Launch Slideshow

shell game

The transformation of this 1905 New Haven, Conn., fire station into a live, work, and play space was all about shells.

shell game

The transformation of this 1905 New Haven, Conn., fire station into a live, work, and play space was all about shells.

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    Robert Benson Photography

    Alan Organschi and Lisa Gray designed their version of a flying buttress—rendered in rough concrete—to support the basement bar's rubble walls. The bar's dropped ceiling is a continuation of the studio's plywood shell.

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    Robert Benson Photography

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    Courtesy Organschi Architecture

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    Robert Benson Photography

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    Robert Benson Photography

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    Courtesy Gray Organschi Architecture

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    Robert Benson Photography

    The birch plywood's golden tones enliven the performance space/studio's contemporary vibe.

The transformation of this 1905 New Haven, Conn., fire station into a live, work, and play space was all about shells. Architects Alan Organschi, AIA, and Lisa Gray, AIA, saved and highlighted the building's rustic exterior shell while recasting interior spaces within smooth, curvaceous plywood shells. “We tried to make the attachment of new material to the building very explicit,” Gray says, “so there's no mistaking what was there and what we added.”

Additions include a two-bedroom apartment, a performance venue/recording studio, and a bar—a real bar, open to the public. The firehouse had been empty and decaying for 40 years, but the structure was solid. The husband-and-wife architects cleared crumbling plaster off walls and the ceiling to expose raw brick and rough-hewn wood trusses throughout the top-floor apartment. Original floors were simply covered in bamboo to warm up the lofty 80-foot-deep-by-40-foot-wide volume. Whatever materials could be salvaged and reused were.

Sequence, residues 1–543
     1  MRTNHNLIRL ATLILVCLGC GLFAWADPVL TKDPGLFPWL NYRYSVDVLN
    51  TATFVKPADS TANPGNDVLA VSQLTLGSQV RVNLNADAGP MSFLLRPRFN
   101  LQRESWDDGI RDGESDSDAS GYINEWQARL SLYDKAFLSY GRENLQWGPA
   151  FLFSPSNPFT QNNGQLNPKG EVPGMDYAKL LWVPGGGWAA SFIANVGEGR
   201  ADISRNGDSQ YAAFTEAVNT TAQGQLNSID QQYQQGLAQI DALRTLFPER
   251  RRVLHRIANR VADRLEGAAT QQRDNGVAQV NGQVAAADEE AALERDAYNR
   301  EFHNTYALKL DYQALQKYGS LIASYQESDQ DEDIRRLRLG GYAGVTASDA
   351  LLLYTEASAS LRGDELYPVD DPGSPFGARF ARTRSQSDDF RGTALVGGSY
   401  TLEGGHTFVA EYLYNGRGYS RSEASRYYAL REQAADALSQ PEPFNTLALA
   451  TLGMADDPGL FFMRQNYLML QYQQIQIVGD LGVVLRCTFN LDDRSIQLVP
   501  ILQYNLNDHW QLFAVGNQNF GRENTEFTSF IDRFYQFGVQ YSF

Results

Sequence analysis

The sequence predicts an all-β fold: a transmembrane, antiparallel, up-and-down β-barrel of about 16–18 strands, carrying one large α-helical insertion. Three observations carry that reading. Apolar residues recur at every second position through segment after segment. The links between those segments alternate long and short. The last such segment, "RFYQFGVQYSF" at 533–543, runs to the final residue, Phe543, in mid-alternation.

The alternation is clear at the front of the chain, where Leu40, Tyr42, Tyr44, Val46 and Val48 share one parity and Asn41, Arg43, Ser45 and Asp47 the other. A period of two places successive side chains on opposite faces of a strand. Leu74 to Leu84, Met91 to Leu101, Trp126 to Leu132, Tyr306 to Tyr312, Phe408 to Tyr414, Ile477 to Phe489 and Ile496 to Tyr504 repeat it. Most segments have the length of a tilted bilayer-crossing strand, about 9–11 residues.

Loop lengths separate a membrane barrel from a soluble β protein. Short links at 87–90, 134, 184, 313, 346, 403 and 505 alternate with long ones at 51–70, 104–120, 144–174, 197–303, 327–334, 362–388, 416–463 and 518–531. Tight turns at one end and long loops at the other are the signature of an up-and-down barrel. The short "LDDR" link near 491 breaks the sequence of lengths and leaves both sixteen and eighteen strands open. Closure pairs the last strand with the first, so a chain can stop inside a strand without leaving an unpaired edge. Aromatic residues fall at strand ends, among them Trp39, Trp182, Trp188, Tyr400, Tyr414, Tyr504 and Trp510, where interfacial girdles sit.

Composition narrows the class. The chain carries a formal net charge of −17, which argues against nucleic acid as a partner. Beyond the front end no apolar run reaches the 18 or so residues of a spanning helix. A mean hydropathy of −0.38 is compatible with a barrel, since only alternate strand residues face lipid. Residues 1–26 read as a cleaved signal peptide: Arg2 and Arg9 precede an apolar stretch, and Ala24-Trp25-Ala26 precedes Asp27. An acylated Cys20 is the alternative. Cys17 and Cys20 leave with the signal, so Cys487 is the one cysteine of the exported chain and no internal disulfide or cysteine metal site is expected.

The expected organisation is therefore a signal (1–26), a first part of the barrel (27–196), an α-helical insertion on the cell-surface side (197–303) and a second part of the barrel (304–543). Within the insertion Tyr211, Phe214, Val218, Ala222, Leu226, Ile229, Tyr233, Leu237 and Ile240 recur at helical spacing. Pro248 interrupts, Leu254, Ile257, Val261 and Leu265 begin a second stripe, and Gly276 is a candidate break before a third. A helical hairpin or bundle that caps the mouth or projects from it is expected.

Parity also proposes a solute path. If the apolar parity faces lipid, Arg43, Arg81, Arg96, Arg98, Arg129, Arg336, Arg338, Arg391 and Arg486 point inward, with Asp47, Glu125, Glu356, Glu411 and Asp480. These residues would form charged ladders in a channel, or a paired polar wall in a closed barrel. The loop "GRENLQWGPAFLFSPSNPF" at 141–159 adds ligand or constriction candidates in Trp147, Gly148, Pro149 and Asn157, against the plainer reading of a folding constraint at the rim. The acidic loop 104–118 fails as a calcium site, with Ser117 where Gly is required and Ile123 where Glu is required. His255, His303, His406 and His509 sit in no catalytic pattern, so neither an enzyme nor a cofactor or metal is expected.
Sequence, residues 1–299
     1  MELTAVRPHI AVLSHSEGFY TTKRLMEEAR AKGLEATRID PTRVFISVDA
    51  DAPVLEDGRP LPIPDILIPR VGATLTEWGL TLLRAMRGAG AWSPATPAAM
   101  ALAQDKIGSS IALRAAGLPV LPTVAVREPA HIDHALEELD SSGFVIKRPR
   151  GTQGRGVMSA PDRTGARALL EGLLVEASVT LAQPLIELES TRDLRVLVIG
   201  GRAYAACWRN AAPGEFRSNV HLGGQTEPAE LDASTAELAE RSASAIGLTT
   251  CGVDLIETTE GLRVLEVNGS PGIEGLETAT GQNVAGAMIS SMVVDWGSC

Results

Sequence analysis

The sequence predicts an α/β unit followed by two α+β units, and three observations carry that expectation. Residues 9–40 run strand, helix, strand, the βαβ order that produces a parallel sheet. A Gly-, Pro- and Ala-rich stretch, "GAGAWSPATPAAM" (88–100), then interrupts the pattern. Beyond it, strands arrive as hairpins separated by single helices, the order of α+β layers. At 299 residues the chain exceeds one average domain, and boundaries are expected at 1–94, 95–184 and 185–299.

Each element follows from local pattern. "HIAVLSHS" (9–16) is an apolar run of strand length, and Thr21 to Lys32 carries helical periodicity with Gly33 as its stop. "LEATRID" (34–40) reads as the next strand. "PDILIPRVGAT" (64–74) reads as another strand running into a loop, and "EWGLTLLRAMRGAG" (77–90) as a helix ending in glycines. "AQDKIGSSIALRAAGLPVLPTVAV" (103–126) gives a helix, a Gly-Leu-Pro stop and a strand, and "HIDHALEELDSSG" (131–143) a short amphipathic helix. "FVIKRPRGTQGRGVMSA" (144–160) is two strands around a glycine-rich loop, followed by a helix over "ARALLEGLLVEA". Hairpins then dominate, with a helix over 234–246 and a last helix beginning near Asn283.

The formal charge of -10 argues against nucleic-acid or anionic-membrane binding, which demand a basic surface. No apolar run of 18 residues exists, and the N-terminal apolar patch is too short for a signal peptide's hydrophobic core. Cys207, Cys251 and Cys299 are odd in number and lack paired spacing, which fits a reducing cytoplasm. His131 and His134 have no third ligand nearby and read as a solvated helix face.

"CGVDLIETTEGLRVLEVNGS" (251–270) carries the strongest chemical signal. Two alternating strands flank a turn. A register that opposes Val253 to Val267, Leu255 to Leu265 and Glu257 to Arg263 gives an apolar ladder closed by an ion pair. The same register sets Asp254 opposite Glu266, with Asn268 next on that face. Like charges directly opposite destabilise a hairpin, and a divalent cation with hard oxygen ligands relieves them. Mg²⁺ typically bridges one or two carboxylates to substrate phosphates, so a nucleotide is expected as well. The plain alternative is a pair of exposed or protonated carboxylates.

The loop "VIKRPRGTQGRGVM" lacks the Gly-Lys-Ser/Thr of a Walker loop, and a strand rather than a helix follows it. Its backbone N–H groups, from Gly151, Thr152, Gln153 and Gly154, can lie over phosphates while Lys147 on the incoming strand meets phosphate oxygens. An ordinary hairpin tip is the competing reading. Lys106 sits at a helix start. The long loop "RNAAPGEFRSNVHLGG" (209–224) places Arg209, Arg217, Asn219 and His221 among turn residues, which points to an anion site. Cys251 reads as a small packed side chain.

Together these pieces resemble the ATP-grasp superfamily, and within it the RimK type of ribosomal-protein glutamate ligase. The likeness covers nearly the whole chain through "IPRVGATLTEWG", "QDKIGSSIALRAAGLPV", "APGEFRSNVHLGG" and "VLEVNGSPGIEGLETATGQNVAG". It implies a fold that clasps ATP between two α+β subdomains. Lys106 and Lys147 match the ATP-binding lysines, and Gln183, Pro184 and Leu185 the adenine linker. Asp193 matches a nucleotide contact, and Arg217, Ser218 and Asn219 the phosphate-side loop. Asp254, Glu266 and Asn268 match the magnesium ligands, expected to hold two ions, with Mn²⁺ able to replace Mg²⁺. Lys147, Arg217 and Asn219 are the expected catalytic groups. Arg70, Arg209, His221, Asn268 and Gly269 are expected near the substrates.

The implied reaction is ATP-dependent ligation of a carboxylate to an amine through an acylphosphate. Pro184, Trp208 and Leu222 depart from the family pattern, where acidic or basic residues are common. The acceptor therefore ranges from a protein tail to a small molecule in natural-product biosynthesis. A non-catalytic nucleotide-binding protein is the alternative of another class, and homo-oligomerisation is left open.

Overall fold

Downstairs, in the street-front lobby, arched bays big enough to drive a truck through are filled with glass. Organschi and Gray speced a steel clip system that attaches glass to brick with minimal incursions. The heart of the project—and the most complex space—lies just beyond the lobby: a 75-seat live performance space that's also a recording studio. The firm worked with acoustical engineer John Storyk, AIA, AES, to fine-tune its design for an undulating ceiling and backdrop that are precisely shaped to ensure reflection or deadening of sound waves in specific spots. “We used birch plywood to form an acoustic shell that tries to solve the distinct ideals of a recording space, which should be acoustically dead, and a performance space, which needs to be bright and have reverberation,” Organschi explains.

Back in the lobby, a big hole in the floor reveals the basement bar, which was voted New Haven's hippest watering hole. “Opening the floor lets light into that space,” Gray says. “And being able to see into the bar really draws people in.”

project: Firehouse 12, New Haven, Conn.

architect: Gray Organschi Architecture, New Haven

general contractor: Lowe Co., Branford, Conn.

acoustical engineer: Walters–Storyk Design Group, Highland, N.Y.

structural engineer: Edward Stanley Engineers, Guilford, Conn.

lighting designer: SM Lighting Design, New York City

project size: 7,014 square feet

site size: 0.08 acre

construction cost: Withheld

photography: Robert Benson Photography, except where noted